The third “do” is vital to ensuring that your talent management and development programs are impactful. You must know what employees’ career aspirations are before planning out their career development path. You must also know what motivates and inspires them at their particular career stage (i.e., young professionals might be motivated by something drastically different than mid-career professionals who have families at home). Often times, leaders decide that an employee is high potential and could possibly be the next CEO of a company because of the employee’s performance and drive. However, what if that employee has no desire to be the CEO of the company? It is unlikely that this individual will continue to be successful moving toward that position if he or she does not want it and is not committed to doing what it takes to get there. You must have an open honest discussion with employees about what their aspirations are and whether or not they are willing to do what it takes to reach their desired goals. In the same vain, it is important to know if employees’ aspirations are completely out of alignment with their performance. For example, if an employee expresses desire to be the CEO of the company but, based on past performance and a seemingly unwillingness to take on new assignments, it is clear to the leaders and HR that this person will never advance past a Director-level position, then someone must let this person know the hard truth. Someone must tell him that his aspirations are not in alignment with his performance and then let him know what he must do to better align with his aspirations. It then becomes the employee’s choice as to whether or not he can or will make the effort to do what is required and becomes a test of time to determine whether or not he can be successful in his efforts. It is truly impossible to plan appropriate talent development without understanding the individual employee’s career aspirations.
4. Decide who belongs where.
This next key item is when the various talent identification processes and tools come into play. After you have your definitions of the “talent” in the organization and the critical positions for which you need to ensure you have a pool of skilled employees for, it is time to decide who belongs in which category. This is also where leadership and 360 assessments and performance ratings, as well as the important career aspiration discussion results come into play. These all aid in determining who has the skill and the ability to take on certain positions and who may have the potential to be in a role eventually, but perhaps may need some additional development to prepare for the specific role. These decisions around who belongs in what talent pool and who is considered a high potential versus a subject matter expert, versus a critical technical leader will all feed into the specific talent development plans for the workforce.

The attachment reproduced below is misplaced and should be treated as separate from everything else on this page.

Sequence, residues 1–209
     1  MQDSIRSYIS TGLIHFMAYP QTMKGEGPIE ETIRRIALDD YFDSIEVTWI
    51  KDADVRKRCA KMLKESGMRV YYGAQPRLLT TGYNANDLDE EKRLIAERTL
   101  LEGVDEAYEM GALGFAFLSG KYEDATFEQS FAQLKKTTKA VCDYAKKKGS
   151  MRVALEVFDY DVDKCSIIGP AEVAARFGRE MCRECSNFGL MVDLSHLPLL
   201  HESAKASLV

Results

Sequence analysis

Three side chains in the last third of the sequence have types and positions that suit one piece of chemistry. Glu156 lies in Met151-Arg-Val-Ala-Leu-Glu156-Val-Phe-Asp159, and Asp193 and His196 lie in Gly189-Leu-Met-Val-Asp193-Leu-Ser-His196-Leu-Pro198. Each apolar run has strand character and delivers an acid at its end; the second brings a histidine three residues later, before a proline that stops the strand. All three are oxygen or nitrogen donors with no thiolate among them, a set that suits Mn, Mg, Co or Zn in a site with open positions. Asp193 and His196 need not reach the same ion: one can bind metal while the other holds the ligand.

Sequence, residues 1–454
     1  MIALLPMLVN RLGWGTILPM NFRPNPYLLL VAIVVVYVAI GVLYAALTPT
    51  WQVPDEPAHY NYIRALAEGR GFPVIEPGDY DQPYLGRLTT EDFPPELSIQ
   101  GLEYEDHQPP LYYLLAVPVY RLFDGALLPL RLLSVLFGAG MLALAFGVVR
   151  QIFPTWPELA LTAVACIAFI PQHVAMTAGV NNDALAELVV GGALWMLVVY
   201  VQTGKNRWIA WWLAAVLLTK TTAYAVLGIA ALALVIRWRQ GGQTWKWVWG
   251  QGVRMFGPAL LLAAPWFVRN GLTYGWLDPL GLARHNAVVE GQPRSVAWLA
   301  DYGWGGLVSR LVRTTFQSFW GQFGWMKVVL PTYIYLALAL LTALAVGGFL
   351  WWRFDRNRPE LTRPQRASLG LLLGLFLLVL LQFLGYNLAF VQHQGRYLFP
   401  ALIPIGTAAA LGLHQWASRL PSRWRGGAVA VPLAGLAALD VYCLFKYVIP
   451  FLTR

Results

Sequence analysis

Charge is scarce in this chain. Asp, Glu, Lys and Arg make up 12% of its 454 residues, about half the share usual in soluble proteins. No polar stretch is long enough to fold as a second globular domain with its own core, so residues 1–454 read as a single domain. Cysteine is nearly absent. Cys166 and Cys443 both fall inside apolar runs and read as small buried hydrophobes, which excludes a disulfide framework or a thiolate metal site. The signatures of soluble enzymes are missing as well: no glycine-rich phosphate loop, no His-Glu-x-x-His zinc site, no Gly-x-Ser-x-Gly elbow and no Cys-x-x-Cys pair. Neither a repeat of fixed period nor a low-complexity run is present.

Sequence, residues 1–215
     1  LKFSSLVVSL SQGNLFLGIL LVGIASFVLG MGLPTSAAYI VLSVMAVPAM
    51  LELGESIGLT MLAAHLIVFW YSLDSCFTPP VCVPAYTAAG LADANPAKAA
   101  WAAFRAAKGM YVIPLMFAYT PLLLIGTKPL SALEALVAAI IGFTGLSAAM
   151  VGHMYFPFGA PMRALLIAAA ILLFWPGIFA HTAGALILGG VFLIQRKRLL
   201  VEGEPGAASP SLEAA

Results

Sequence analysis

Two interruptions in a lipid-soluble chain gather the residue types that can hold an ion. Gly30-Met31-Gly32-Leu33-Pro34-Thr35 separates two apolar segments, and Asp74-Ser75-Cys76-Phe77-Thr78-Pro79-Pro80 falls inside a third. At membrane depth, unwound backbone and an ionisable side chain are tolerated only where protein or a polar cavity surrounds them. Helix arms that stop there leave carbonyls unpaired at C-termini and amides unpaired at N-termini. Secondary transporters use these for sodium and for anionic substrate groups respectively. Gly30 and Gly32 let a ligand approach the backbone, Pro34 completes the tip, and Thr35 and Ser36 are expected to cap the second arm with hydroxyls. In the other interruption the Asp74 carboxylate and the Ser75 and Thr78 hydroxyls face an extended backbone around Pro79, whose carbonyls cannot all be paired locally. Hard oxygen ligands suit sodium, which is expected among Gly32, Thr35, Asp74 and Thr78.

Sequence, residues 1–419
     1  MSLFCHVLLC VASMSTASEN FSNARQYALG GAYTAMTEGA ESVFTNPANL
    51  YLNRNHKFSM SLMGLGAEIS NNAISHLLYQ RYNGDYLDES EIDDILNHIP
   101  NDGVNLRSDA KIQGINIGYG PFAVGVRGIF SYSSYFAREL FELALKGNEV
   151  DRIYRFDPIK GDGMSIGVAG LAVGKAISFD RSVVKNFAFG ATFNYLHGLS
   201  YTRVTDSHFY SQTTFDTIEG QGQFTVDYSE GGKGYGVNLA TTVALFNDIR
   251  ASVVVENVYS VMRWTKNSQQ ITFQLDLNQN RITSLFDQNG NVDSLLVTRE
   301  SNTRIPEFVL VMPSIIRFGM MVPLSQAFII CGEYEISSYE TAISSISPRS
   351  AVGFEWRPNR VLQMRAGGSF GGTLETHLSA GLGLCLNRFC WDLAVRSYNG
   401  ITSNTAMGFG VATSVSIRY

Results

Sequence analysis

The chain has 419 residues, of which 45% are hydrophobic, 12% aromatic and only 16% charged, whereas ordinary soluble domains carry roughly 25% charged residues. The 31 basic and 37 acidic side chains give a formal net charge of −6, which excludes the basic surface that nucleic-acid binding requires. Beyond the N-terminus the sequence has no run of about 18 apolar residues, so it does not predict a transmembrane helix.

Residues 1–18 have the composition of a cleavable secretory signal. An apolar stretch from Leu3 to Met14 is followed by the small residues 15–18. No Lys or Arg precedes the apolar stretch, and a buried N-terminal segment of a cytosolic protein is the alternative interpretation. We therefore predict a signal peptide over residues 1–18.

5. Differentiate the development.
The final “do” is to actually pull together specific and differentiated development plans for the employees. This type of development can take several formats. First, you want to consider development for all; that is, the general leadership development and basic technical skill development that will be required of all employees in the organization. Next, you want to have special differentiated talent development for the high potential employees who will be the future senior leaders of the company or have been identified to fill critical technical positions in the future. Often times companies have very targeted and focused development courses for this population. And lastly, you want to be sure each employee (especially those high potential future senior leader) has a specified, differentiated development plan to address his or her specific development needs. This type of plan needs to be developed in conjunction with the employee, their leader and the HR department so that it is a managed plan. This will help to ensure that these individuals get exactly the type of growth they need to be ready for the future critical leadership roles.
If we go back through these five “dos” to simplify yet create impactful talent management solutions, we can see how they all are items that each of us, as individuals, would respect and want from our companies and leaders. Remembering to treat people as we want to be treated keeps things in perspective and oftentimes can help simplify seemingly complex items.
Next article topic: Key Steps to Conducting Effective Career Aspiration Discussions with Employees.